P.S.  I was a court reporter in my past life and had to "proofread" for a living.

From: Miha Ahronovitz <[address removed]>
To: [address removed]
Sent: Tuesday, May 14,[masked]:24 PM
Subject: Re: [Sacramento-Writers-Who-Mean-Business] Self-Publishing on the Cheap ... Cheap is as Cheap Does


The fact that your company pays for it, is a good deed.  Here is a quote about MeetUp Mission:

Meetup's mission is to revitalize local community and help people around the world self-organize. Meetup believes that people can change their personal world, or the whole world, by organizing themselves into groups that are powerful enough to make a difference.

I think we can improve this conversation thread, after reading this mission statement.

Miha Ahronovitz

On Tue, May 14, 2013 at 12:06 PM, Michelle Gamble-Risley <[address removed]> wrote:
This Listserv as you refer to it is a Meetup group my company pays for and hosts the meetings for FREE. If you do not want to receive the information, please opt out of our group. The other writers value and appreciate the material and sharing.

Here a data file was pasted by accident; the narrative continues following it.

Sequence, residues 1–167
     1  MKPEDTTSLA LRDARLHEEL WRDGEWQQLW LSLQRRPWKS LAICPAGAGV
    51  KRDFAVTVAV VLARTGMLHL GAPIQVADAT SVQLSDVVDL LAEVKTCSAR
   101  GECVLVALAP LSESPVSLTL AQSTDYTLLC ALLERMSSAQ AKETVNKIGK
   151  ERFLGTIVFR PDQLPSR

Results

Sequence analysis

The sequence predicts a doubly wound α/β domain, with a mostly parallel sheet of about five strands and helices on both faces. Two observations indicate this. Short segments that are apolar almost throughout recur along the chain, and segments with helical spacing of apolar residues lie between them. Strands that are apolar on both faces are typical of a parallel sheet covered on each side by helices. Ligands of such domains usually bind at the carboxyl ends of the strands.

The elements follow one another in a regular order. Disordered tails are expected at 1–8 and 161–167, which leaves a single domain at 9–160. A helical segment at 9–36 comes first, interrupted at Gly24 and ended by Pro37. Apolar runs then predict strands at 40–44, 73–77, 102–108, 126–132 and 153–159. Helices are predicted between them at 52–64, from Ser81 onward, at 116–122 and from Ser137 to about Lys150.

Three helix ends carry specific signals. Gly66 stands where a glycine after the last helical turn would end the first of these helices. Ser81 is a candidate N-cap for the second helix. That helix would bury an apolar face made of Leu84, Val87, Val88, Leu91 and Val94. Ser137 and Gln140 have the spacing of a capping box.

Thank you!

On Tue, May 14, 2013 at 11:47 AM, Michael Feliciano <[address removed]> wrote:
Ok - So when did this meetup listserve become a platform for advertising and marketing? Please stop. 

On Tue, May 14, 2013 at 10:51 AM, Bo Bradley <[address removed]> wrote:
Self-Publishing on the Cheap ... Cheap is as Cheap Does by Michelle Gamble-Risley, CEO, 3L Publishing (
I wish I had some before and after photos of self-published books that were republished through my company 3L Publishing. The difference is astounding. Most new and emerging authors don't have the platform or following to get traditionally published. Out of frustration these authors end up trying to self-publish, and because they are not publishers they either try to scrape together an amateur self-published book or they wind up being ripped off at one of the many self-publishers who offer some super cheap K-Mart prices. The results are typically embarrassing and do nothing to generate sales.

Here are reasons why you don't want to self-publish, and you especially don't want to self-publish and buy one of those "super cheap" package offers that look great until you end up with a terrible product.